Sweet and Sour Meatballs

My sister and I were talking about how ground beef somehow is the starting point for Yom Tov cooking. First, you are in denial about how much needs to be done, then you just go out and buy a couple of packages of ground beef, knowing that it will force you to get started. Sweet and Sour Meatballs, in particular, is  “gateway” recipe for getting into the groove of cooking and baking and freezing ahead. They are easy to make, freeze well, and you know that you need to make meatballs.

Instead of the usual cranberry/tomato sauced meatballs, my husband asked for the grape jam kind. Usually this kind is excessively sweet, so I went with a recipe that went pretty light on the jam. The overall flavor reminded me a bit of the sauce that goes with stuffed cabbage–tangy sweet, but not cloying. I added a little sriracha sauce to give it a little hint of savory, garlicy, spicy oomph.

Sweet and Sour Meatballs
The meatballs are evolved from a recipe from Naomi Ross, but the sauce is inspired by another recipe, which originally called for a combination of tomato juice and crushed tomatoes. I went with the smoother texture of canned tomato sauce because of the aversion of certain family members to little bits of vegetables in the sauce (it must be completely smooth or forget it).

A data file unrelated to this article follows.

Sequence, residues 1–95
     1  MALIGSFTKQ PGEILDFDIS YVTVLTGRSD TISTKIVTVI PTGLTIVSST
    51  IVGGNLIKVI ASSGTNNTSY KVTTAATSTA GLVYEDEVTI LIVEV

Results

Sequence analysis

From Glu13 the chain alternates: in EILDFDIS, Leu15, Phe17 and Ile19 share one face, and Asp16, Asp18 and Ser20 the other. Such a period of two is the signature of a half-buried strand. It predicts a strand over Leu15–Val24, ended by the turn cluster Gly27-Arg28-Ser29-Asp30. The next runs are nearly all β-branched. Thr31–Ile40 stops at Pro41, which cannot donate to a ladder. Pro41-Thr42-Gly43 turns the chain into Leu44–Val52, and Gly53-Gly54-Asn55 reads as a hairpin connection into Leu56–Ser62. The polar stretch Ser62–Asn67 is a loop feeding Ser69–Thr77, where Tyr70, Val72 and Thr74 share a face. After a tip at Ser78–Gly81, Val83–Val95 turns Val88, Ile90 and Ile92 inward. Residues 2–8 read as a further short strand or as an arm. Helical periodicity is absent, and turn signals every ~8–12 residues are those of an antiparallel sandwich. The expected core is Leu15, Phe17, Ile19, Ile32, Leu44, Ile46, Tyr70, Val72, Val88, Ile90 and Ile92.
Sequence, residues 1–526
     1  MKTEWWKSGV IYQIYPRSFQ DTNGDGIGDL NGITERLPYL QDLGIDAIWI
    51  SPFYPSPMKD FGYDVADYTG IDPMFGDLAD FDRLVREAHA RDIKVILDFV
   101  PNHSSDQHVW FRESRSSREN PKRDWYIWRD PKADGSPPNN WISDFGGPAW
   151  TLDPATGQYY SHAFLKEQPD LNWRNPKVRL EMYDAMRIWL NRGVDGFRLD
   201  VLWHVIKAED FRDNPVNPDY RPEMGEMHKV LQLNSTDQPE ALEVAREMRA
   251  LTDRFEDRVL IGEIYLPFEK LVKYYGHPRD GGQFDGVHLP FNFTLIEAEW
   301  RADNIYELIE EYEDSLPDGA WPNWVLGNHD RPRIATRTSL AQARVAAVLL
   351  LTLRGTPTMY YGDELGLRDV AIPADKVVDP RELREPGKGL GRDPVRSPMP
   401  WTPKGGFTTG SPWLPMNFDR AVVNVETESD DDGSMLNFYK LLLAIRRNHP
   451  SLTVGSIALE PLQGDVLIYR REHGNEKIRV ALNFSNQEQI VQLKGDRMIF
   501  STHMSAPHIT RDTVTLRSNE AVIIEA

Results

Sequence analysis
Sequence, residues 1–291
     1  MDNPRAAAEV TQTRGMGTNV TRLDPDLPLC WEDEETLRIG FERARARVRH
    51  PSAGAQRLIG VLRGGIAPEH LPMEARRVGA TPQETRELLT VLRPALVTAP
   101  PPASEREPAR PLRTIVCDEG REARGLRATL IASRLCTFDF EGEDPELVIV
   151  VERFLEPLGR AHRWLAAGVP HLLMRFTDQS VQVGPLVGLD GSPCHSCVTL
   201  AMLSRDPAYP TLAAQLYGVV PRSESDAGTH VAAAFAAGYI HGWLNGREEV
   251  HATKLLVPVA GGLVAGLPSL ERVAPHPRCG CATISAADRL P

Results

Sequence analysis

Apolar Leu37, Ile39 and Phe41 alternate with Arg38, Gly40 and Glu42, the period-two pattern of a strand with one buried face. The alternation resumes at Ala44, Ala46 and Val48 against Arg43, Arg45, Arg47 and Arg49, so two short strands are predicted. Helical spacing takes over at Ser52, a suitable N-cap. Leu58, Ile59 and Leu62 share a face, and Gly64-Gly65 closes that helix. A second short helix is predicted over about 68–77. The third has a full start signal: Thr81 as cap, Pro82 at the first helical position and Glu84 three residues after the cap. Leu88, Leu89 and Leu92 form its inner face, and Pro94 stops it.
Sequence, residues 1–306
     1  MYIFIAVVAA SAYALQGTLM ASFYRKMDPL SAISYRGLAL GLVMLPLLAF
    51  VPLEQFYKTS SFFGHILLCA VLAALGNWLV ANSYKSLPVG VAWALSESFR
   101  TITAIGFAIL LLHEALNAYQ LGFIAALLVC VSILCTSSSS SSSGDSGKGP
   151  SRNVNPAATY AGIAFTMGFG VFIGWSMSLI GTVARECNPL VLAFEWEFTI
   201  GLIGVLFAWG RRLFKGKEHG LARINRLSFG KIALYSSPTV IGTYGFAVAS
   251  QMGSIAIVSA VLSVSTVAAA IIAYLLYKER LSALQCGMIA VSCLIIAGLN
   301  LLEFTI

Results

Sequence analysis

Meatball mixture (combine in a large bowl):
3 pounds ground beef (1 lb can be ground chicken)
3 eggs, beaten
¾ tsp. onion powder
¾ tsp. garlic powder
½ tsp. black pepper
¼ tsp. kosher salt
minced clove garlic
squoosh ketchup (2 Tbl.?)
drop sriracha sauce
1/3 cup matzo meal or bread crumbs

The sauce (heat together in a large pot):
28 ounces canned tomato sauce
½ cup (4 oz.) grape jam
4 Tbl. dark brown sugar
1 Tbl. Lemon juice
sriracha sauce (1/2 tsp., or more, to taste)

Combine the sauce ingredients in a large pot. Heat the sauce while you make the meatball mixture.
Combine the ingredients for the meatballs (ground beef, spices, eggs, matzoh meal). Roll small balls, using 1-2 Tbl. of meatball mixture. Drop the balls as you make them into the sauce in the pot, which should be bubbling hot now. Reduce heat to a simmer. Cover the pot and simmer for 1-1 1/2 hours.

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6 Responses to “Sweet and Sour Meatballs”

  1. Mrs. S. Says:

    “gateway” recipe
    Great description!🙂 I like to serve sweet and sour meatballs on Simchat Torah. I find that even if the hakafot run long, the meatballs don’t dry out.

  2. Prag Says:

    Sounds great, (and I am in denial) but I cant’ be inspired without a picture!

    • pragmaticattic Says:

      Sigh, sorry! I froze them and then realized that I didn’t take a picture. Would a picture of frozen sweet and sour meatballs inspire you? I’ll post that if it helps . . . Otherwise, a picture will have to wait.

      ________________________________

  3. Leora Says:

    Ah, my son would like these! Maybe by January (when he finally has time to breathe again, as he just started college) he might be willing to try making new sweet and sour meatballs. I told my family I only make spicy meatballs, not the the sweet kind. Sorry, guys.

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